Ron Paul: Abandon public schools

Ron Paul doesn’t call for reforming schools in his new book, The School Revolution. He wants parents to abandon state-run schools and teach their children at home — with the help of low-cost online courses. (His own courses cost $50.)


“Teach” means “have your child read a lot of books and watch YouTube videos on his or her own,” writes Kevin Carey, who directs the education policy program at the New America Foundation, in the New Republic.

A fan of self-reliance, Paul believes students should learn on their own, starting in fourth to sixth grade, writes Carey. “If they need help, it’s best to ask other students. No teachers are required.”

“The parent who demands that his child be given special attention by a high school teacher is making a big mistake,” writes Paul.

Paul’s plan creates an “isolated learning experience focused exclusively on reading, writing, and debate, with no exposure to heterodox views,” writes Carey. “His program will shield students from the evils of liberalism and, worse, Keynesianism, and train them to argue their cause with facility and zeal.”

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  1. Cute ideas, but have you seen the actual curriculum? It’s public school preschool level, the stuff they’re pushing for kindergarteners. “The Letter People.” Oh, give me a break. Not to mention, who wants to educate their children using curriculum provided by a politician? I thought these were conservatives… what happened??

  2. I heard him pitching his book on the radio today. He showed no awareness that there are numerous families who cannot possibly “homeschool” because they have to work for a living. Even with two parents, each may hold two low-wage jobs and still be close to the poverty line and certainly not in a position to purchase quality homeschool curricula.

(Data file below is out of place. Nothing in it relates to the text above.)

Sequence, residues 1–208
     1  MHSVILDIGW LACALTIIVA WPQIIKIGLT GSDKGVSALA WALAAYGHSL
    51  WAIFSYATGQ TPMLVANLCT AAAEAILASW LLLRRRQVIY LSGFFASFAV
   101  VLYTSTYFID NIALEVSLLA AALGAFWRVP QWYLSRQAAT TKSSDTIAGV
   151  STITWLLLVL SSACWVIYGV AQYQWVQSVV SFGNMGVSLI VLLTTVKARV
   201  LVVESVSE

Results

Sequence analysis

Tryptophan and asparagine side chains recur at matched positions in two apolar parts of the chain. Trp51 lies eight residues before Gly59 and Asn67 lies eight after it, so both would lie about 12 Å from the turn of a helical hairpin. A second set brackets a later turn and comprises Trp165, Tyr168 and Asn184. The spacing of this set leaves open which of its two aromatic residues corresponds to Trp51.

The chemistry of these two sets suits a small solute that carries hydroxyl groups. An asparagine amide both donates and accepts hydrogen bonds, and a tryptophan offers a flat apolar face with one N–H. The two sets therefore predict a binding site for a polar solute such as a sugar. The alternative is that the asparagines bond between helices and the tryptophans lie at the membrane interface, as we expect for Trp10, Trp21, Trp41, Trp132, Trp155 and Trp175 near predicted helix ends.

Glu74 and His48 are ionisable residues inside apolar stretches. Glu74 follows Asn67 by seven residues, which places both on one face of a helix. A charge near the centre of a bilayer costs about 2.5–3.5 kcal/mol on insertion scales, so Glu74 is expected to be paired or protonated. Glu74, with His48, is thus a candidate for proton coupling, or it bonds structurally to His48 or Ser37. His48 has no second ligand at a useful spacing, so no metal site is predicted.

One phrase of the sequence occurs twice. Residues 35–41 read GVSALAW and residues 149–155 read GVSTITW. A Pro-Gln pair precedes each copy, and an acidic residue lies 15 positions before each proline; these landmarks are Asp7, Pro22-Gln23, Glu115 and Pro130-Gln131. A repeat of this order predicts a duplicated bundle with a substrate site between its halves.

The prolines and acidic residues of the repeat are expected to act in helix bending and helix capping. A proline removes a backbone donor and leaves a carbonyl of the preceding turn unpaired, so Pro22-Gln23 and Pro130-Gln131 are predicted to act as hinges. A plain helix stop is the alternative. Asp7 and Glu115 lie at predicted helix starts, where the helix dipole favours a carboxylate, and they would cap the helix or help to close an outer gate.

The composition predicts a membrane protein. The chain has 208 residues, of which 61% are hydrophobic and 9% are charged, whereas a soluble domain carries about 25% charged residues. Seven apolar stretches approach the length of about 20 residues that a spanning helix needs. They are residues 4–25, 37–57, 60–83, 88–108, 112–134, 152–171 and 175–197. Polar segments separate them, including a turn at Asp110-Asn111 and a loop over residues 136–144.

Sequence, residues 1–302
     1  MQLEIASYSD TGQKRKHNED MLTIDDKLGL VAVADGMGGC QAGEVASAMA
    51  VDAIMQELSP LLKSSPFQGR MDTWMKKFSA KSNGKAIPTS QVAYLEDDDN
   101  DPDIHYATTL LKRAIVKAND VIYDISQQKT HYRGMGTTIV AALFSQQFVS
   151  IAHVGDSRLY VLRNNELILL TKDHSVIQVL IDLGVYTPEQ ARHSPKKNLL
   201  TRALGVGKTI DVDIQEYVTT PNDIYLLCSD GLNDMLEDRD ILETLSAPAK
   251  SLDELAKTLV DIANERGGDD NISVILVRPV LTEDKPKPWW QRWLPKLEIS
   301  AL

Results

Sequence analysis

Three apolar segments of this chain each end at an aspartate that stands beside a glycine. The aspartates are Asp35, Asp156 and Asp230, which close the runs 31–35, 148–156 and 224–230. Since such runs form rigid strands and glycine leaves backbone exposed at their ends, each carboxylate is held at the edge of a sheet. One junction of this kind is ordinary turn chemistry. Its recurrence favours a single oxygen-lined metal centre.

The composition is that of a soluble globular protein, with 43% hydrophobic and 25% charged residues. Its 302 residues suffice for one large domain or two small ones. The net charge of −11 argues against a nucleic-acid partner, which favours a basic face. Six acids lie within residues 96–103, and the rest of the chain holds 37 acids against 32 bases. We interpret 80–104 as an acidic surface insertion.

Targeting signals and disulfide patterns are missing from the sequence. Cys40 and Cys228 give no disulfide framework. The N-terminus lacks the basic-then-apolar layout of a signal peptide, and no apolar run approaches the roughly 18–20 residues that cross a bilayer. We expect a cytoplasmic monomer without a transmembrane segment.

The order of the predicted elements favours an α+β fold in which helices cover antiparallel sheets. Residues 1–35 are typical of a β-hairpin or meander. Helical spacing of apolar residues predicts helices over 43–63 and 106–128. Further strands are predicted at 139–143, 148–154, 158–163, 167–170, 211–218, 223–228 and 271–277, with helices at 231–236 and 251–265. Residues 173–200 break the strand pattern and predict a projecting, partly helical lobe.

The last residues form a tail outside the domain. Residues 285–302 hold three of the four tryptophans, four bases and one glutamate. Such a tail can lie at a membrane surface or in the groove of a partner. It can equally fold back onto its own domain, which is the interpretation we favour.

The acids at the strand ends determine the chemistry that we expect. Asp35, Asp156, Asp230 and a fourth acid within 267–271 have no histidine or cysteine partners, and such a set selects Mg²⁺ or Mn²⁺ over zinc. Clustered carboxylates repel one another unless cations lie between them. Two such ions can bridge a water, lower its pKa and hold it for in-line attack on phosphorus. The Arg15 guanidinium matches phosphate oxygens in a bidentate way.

He cheerfully called on families to “make sacrifices.” It was not at all a convincing or impressive interview.

    Homeschooling is a viable option for some, but there are many varied reasons why families choose it, and not necessarily because they believe schools are “broken.” Sometimes it’s for religious reasons, but most of the homeschoolers I know do it for other reasons and not for the child’s entire education. After h.s.’ing her children through eighth grade, my next door neighbor sent them to public high school, where they thrived. A nephew however who lived way out in the boondocks homeschools his 5 children through high school because busing takes 3-4 hours per day. The two oldest first entered “school” in college (and are doing well).

    People who homeschool are a diverse lot but I don’t think Ron Paul understands either his supposed market or the reasons people do what they do. And, I didn’t hear him suggest a tax credit for h.s. materials. If he truly believes in this solution, he should advocate for incentives.

  3. “In spite of the fact that schools exist for the sake of education, there is many a school whose pupils show a peculiar “school helplessness”; that is, they are capable of less initiative in connection with their school tasks than they commonly exhibit in the accomplishment of other tasks.”

    That is a quote from How to Study and Teaching How to Study (1909) by F. M. McMurry, Professor of Elementary Education, Teachers College, Columbia University. The work was widely cited for about 20 years and became the basis for a successful test of the discussion method of teaching in City Schools, Manitowoc, Wisconsin which was reported in 1919. But for some reason, the education sector ran back to the passive lecture based teaching. No surprise really since it is the easiest on the teacher and best for controlling students. But as has repeatedly been “discovered” it induces “school helplessness” by third grade. The earliest I’ve seen the problem discussed was in a book on manual education schools published in 1886. Ken Robinson did a TED talk that included it on schools and creativity.

    But more important is the topic of McMurry’s book, i.e., teaching how to study. Odd, we call them students but really don’t offer specific instruction on how to study, that is do their job. McMurry offers 8 factors of studying that he posits should be taught starting about third grade. The first two years being more vocational training in reading, writing, numbers, etc. Most would see those factors as what is now promoted as “critical thinking”, which sadly most of the education system fails to teach to undergraduates these days. I wish I’d been exposed to McMurry’s radical idea back when I was in school. I got through all right but like most through brute force. Only coming to a semblance of the factors of study after I had graduated and continued to read.

    Paul need McMurry’s method for his self-reliance to succeed. The fact so many leap to condemn his plan is quite indicative of the “school helplessness” and lack of skills in how to study that is so widespread among those who’ve matriculated in the last 40, possibly 90 years.